Wednesday, August 22, 2012

Daughter of Smoke and Bone

“You tell me that battling with monsters has made me a monster?  Doing business with devils, what has that made you?”
For those wanting to better understand the stories, worldviews, and messages shaping today's youth, I offer my latest review of trending books, films, and TV shows effecting a YA audience (such as The Hunger Games, Divergent, Graceling, Bitterblue, The Road, The Wolves of Mercy Falls, Spiderman, Project X, and The Walking Dead).  My goal is not to critique the art form as much as to analyze how the story reflects and shapes the readers' worldview.

Universal Pictures has already bought the film rights to  Daughter of Smoke and Bone, and no wonder: Laini Taylor's book has received exceptional critical accolades:
  • New York Times Notable Book of the Year
  • Publisher’s Weekly Best Fiction Book of the Year
  • School Library Journal Best Book of the Year
  • Kirkus Reviews Best Teen Book of the Year
  • Entertainment Weekly Must List Selection
  • ALA Top Ten Books for Young Adults Selection
  • Fiction and Fantasy Booklist Finalist


Seventeen-year-old Karou has been raised by Brimstone, who happens to be a chimaera - or as the average person would say, a monster.  While her life has been relatively stable, there are some oddities - she has odd tattoos on her hands; she feels that something is not quite right with her and the world; she collects teeth for Brimstone without knowing why. In fact, she leads a very carefully managed double life, going to school with her friends while traveling the world through magical portals that take her anywhere.

She eventually meets Akiva, an angel who plans to destroy these doors ( the “devil’s portals into the human world”) before he destroys the chimera.  
Who would have guessed that Karou is a Revenant, a reincarnated version of Akiva's dead lover, Madrigal – who happened to be a chimera? Angelic Romeo met chimeric Juliet once before, and lost her. The good news - Juliet has been resurrected as a chimera/human seventeen-year-old art student.  The bad news - Akiva has already set in motion a plan that will destroy all she loves.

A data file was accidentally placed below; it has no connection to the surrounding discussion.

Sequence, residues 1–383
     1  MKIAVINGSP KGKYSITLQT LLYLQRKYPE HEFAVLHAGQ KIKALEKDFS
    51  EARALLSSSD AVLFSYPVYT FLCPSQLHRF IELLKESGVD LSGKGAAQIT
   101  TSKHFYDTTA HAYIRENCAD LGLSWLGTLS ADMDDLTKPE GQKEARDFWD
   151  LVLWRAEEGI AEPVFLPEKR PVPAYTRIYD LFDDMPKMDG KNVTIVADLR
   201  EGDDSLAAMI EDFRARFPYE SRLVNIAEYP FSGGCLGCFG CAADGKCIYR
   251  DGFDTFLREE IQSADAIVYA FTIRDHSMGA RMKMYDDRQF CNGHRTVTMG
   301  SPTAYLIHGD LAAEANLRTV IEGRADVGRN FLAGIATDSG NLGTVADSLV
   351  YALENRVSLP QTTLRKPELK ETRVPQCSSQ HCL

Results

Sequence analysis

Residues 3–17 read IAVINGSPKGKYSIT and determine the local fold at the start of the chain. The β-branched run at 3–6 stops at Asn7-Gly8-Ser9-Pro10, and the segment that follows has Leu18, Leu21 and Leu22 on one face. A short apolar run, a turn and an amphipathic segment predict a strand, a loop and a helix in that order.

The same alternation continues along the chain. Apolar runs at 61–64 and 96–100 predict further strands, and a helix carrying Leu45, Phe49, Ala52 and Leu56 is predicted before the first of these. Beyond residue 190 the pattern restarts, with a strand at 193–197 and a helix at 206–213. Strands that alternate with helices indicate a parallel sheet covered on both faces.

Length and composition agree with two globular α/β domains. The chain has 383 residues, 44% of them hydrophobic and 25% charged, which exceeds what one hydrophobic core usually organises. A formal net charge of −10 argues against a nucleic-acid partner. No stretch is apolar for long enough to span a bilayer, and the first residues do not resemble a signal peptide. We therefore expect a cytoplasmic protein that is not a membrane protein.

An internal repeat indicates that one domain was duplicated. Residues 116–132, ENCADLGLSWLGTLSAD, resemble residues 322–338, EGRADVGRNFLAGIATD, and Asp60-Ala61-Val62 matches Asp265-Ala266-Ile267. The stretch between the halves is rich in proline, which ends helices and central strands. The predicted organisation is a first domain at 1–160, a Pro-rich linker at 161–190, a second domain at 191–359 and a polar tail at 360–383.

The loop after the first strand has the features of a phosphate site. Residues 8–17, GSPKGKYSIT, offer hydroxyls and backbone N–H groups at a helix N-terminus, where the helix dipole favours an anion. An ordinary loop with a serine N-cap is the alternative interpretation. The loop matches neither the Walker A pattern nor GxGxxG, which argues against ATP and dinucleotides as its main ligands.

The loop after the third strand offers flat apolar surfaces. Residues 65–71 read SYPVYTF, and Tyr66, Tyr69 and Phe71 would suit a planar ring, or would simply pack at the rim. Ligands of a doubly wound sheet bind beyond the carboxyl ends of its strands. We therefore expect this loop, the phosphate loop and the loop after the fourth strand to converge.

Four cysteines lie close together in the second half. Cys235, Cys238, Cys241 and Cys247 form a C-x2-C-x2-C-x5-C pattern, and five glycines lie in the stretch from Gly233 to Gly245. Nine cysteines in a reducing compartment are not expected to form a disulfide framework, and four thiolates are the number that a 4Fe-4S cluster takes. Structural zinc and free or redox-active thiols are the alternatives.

Friday, August 10, 2012

Much Undead Ado About Nothing

As mentioned in an earlier post, the debate about what it means to be human has taken an interesting direction following the recent fixation with zombies. The Walking Dead and Philosophy opened with two essays arguing that the consideration of philosophical zombies (P-Zombies) - theoretical beings identical to human beings but lacking consciousness, qualia, or sentience -  mitigates against a purely materialistic view of the world.  

There is a clear difference between P-Zombies (who are biologically identical to humans) and actual humans.  Something besides biology seems to be necessary to explain consciousness, mind, thoughts, ideas, and emotions.  

I find the intellectual speculation to be both insightful and entertaining.  The zombie analogy provides a way to decipher the nature of humanity, at least at a theoretical level.
 Robert Delfino and Kyle Taylor (“Walking Contradictions”)  take the discussion in The Walking Dead and Philosophy a step further. Is the idea of real zombies even coherent, or are we just making a lot of undead ado about nothing? 

Their argument builds from two key laws in logic - the Law of Identity and the Law of Non-Contradiction -  to argue that a thing cannot exist in such a way that is incompatible with its nature. A thing with mutually exclusive properties cannot exist (like a square circle, or a sane University of Michigan fan). In the same way, a being with mutually exclusive properties cannot exist either. Since the Walkers try to hold two mutually exclusive properties in tension (both physically alive and physically dead), they would seem to be impossible.  
 But not so fast!  Some quasi-living beings (such as viruses and viroids) appear to do just that. One type of fungi can take over carpenter ants and make them act like, well, zombie ants.  And if you’ve seen Twilight, you know that zombie actors can even carry commercially successful films.